Determinism, compatibilism and libertarianism

Stephen asked:

First of all, I want to apologize for my bad English.

My question is about free will.

I want to believe in free will, I think the assumption of free will is very important for ethical concepts like responsibility and I think it’s very important for the concept of human dignity that humans are able to decide about their fate and that they are not helpless bound into a strict causal chain.

But on the other hand, hard determinism seems logically true.

Physics works with determinism, and I don’t want to get into contradiction with natural science.

I am worried that I have no good, rational arguments for libertarian free will, If I want to hold on to the concept of libertarian free will.

Summarized, I want to hold on to the concept of free will, but determinism seems logically better to me.

What should I do? Should I accept determinism, or believe in some sort of compatibilist sort of free will? (besides, I find the compatibilistic free will not satisfying).

Answer by Jürgen Lawrenz

The good news for you is that your wish can be fulfilled in any halfway liberal society, where the political powers grant you sufficient freedom to make your own choices. The difference between despotic and liberal laws is, roughly speaking, that the former direct you and inhibit the exercise of free will, the latter merely draw boundaries around it and prevent you from inhibiting the exercise of free will of others.

Now I understand that this is not the gist of your question. But it is the only proper philosophical way of looking at free will. There are just two ways in which your free will can be constrained: By other people and by the condition of life itself. Being a human animal restricts the exercise of your free will to the possibilities you have as a creature. The existence of political power structures may encroach further on your personal liberty. But even the most brutal of these cannot control the minutiae of your life and therefore will leave you with the ability to make day-by-day choices of your own.

The other problems – such as causal chains, fate, determinism, the supposedly logical truth of notions such as ‘it’s all in the chemistry/physics’, ‘it’s all in the genes’ and (religiously) ‘all is written’ are mere suppositions. You need to look at them closely to discover if they are proved or circumstantially derived – or even just say-so. The latter include fatalism, pre-destination, ‘all is written’ and cannot enter serious discussion. One would wish that the claims for genes and chemistry were under similar strict scrutiny, because they are also unproved and not validated. But even though they pose as scientific pronouncements, they are derived from highly insecure data that support them in a wholly spurious way, i.e. by the deliberate twisting of the data in that direction. But if a scientific statement cannot be validated, then probity should dictate that it be dismissed as either false or mere conjecture. We (the general educated public) are very much at fault for swallowing silly slogans and not demanding that they are backed with appropriate proofs.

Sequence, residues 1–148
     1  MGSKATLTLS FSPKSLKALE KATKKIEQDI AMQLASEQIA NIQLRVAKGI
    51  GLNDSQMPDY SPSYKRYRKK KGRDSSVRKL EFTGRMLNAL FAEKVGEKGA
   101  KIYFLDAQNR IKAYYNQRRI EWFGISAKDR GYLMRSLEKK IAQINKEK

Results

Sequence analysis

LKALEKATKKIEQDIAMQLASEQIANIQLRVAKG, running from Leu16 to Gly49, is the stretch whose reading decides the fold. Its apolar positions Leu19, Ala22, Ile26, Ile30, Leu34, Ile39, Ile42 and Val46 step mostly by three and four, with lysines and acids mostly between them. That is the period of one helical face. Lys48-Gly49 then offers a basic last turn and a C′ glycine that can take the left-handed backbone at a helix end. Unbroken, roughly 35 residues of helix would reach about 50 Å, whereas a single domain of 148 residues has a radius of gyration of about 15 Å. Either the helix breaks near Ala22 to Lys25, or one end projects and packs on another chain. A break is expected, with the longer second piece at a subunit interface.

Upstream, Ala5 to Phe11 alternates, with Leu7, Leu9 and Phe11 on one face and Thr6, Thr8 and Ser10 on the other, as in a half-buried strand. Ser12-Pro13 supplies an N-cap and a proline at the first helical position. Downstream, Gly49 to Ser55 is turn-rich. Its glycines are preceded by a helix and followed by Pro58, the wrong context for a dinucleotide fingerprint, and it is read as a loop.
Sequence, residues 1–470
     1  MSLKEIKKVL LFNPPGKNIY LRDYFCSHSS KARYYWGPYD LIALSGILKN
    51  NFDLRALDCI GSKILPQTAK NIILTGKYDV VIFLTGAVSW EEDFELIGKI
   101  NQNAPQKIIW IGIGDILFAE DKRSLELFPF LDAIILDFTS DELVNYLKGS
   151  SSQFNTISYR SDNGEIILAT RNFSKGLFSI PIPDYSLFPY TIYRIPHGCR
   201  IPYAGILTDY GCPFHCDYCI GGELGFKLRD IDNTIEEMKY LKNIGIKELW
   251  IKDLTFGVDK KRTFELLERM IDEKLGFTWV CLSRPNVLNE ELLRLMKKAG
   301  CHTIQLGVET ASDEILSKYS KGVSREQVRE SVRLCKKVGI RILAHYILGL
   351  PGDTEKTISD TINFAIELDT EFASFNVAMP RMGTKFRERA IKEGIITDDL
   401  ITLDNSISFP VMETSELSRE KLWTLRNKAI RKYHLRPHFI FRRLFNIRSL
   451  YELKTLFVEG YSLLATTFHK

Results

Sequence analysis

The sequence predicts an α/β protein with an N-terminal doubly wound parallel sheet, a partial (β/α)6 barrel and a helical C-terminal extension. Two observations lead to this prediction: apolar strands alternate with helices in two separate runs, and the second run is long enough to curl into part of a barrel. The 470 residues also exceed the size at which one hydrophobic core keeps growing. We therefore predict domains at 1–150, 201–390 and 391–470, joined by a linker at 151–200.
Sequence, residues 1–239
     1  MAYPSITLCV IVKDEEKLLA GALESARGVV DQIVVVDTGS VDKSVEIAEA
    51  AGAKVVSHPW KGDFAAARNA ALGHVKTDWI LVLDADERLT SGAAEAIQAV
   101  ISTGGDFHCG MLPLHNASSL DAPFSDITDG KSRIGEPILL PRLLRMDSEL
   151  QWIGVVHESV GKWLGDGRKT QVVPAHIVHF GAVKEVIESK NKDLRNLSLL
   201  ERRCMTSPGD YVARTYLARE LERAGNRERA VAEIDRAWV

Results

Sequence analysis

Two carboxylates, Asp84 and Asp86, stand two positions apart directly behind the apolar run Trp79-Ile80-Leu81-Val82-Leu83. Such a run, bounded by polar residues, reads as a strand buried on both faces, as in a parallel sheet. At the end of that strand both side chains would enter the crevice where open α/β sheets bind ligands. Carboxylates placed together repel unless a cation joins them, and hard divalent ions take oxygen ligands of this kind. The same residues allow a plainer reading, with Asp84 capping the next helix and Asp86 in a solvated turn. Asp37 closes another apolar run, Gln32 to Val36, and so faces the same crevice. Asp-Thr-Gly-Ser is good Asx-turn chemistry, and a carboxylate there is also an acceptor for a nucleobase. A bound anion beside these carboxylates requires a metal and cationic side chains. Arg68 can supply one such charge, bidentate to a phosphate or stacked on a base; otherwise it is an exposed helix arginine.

The situation with causal chaining is not much better. We are altogether too besotted with Cartesian mechanism, materialism, mathematics and (reductive) method to keep our eyes and ears open for self-contradictions. For the problem that hovers in the background, without being acknowledged, is the belief that science is in possession of comprehensive theories of life and mind, genetic and evolutionary processes. But this is only an assumption, indeed presumption! The context here points to a confusion – held equally by the general public, philosophers and many (though not all) scientists – between a research agenda and established factual knowledge. You will have met with many examples yourself-such as scientists appearing on the public media with provisional and/or tentative findings, and not infrequently wild conjectures, which they discuss in terms strongly suggestive of certainty.

And so to come to the nuts and bolts: We assume today, without proof, that life is sourced wholly from chemistry. We assume, without proof, that mind and brain can be put into analogy with computers. We assume, without proof, that genes code for subjective characters. And finally we assume, without proof, that evolution is a fully-understood process of generating and proliferating life forms.

I have repeated here the words ‘without proof’ to underline the predicament in which we find ourselves. Namely that all these issues have a certain amount of evidence supporting them, but all of it is ambiguous and requires interpretation, which can only be done from the bedrock of a prior conception of what we are looking at. The trouble is, however, that the same evidence also supports the case for other interpretations. Accordingly we must choose – which is a wholly subjective feature of research! And so we have chosen, to stay with the example of genes, to interpret wholly inconclusive data from genetic research to push the notion of the causal chaining of subjective characters. I wonder of course how wise a decision it was, because the result has been a widespread resurgence of belief in quasi-supernatural powers and of ourselves as their victims.